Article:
Let’s say that big day is quickly approaching—you’re getting ready to marry that special lifetime partner. If this is your situation, Congrats! You’re probably spending this time tending to the hundreds of details associated with planning a wedding and beginning life as part of a married couple.
One aspect of marriage you’ll want to discuss sooner rather than later is your individual and joint approach to managing finances and credit. Let’s be honest, this is not always the easiest or most enjoyable conversation, but it is important, given that a primary reason for divorce often involves financial issues. The median age for a first marriage in the U.S. is in the mid-twenties according to the U.S Census, meaning that many people entering a marriage already have a source of income, some degree of established credit, and some level of experience managing a budget.
How to prepare
As a first step, each spouse should get a copy of their credit report (free at www.annualcreditreport.com) to ensure all information is accurately reported. Note, the credit you have legally contracted for as an individual (pre- and post-marriage) will always be reported as your credit and not become automatically “merged” with that of your spouse (credit bureaus store credit profiles on an individual basis). Any credit you obtain jointly will be reported on both of your credit reports, so it is really important to pay all your credit obligations (including joint accounts), as agreed, to maintain good credit on both of your credit reports.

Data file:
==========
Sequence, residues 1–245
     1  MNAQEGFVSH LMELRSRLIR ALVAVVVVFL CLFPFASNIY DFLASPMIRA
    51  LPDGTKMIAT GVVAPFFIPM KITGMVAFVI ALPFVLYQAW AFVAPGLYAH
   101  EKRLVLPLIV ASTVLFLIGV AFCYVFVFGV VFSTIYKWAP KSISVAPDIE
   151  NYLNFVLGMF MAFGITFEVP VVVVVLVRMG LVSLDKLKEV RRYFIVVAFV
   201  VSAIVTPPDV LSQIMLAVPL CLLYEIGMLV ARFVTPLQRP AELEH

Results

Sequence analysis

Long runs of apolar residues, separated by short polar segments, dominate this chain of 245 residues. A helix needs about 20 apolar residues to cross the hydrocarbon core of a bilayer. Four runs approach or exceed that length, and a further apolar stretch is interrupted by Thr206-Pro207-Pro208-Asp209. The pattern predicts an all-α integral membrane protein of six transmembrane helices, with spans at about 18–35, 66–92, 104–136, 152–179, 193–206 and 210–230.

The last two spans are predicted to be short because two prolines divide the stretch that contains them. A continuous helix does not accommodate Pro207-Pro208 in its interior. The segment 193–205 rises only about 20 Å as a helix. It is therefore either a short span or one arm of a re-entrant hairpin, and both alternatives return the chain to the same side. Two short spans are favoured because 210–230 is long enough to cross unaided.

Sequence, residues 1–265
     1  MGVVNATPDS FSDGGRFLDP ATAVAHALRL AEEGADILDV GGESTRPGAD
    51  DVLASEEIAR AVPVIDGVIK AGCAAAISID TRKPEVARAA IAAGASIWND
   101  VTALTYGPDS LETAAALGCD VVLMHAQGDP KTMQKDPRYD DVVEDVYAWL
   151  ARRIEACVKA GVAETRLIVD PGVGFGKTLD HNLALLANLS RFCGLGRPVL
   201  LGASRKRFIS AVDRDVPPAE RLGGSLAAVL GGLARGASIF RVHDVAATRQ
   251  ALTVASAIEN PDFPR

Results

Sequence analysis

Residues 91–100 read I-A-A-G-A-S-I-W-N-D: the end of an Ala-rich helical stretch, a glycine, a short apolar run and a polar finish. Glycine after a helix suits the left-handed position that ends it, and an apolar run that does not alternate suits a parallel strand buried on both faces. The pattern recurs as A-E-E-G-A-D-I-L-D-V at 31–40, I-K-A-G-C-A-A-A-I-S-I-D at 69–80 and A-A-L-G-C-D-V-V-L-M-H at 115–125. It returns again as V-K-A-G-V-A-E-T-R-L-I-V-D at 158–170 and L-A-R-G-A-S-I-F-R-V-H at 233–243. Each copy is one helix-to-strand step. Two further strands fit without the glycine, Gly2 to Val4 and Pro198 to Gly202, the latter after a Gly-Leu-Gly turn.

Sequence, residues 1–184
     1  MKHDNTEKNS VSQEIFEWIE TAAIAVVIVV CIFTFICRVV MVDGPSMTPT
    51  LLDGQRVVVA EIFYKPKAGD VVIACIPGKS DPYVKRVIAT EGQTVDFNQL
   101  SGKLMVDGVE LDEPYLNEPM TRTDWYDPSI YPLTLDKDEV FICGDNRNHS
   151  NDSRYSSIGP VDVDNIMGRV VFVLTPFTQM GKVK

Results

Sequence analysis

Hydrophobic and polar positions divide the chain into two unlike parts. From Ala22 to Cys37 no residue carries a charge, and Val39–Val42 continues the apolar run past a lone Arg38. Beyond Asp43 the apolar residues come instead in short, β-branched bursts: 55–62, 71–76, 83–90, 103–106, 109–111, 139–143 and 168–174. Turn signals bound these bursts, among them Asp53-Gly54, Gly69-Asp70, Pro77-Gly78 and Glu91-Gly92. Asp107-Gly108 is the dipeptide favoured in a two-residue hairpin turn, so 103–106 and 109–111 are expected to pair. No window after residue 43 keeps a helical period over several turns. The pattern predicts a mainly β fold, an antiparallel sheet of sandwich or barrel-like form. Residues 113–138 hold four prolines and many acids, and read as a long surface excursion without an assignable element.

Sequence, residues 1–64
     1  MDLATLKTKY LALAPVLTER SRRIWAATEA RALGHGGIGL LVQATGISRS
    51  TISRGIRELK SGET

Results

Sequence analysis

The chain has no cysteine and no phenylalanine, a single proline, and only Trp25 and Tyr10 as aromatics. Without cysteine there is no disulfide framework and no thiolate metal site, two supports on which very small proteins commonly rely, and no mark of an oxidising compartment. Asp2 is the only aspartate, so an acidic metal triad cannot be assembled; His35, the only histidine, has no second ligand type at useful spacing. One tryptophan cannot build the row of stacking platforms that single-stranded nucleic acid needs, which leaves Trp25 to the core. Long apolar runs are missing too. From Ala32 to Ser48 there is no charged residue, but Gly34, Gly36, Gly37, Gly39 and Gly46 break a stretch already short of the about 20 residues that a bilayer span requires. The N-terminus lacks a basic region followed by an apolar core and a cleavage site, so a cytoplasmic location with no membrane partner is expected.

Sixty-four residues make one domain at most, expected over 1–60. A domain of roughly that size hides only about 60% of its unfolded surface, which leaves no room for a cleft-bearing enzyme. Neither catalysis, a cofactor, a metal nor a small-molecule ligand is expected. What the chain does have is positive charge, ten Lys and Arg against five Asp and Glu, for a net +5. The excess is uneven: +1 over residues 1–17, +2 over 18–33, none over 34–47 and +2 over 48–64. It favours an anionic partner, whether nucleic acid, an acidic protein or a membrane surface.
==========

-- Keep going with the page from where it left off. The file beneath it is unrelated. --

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Note, if one of you has less than perfect credit that negative credit history won’t transfer to the other spouse’s credit report. But, it may affect your ability to get future credit (or credit at a lower cost) if you jointly apply for new credit. (When you apply for a loan jointly, the lender will typically pull both credit reports.) In some situations, it may be wiser for the spouse with the cleaner credit to apply individually and let the other spouse’s credit history improve over time.
If you are taking your spouse’s surname, you should notify your current creditors as well as the Social Security Administration of this change. It is not necessary to notify the credit bureaus of a name change, as they will automatically update the name on a credit report when your lenders report the revised name.
Lastly, it is a good idea to keep several credit accounts in your own name as a safeguard in the event of an emergency, death of a spouse, or a divorce. Doing this will ensure you have an individual credit history.
Whether you are married or single, the basic rules of sound credit management will result in a positive credit rating—paying your bills on time, keeping your level of credit indebtedness low and only seeking credit when needed.
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Image: Steffen, via Flickr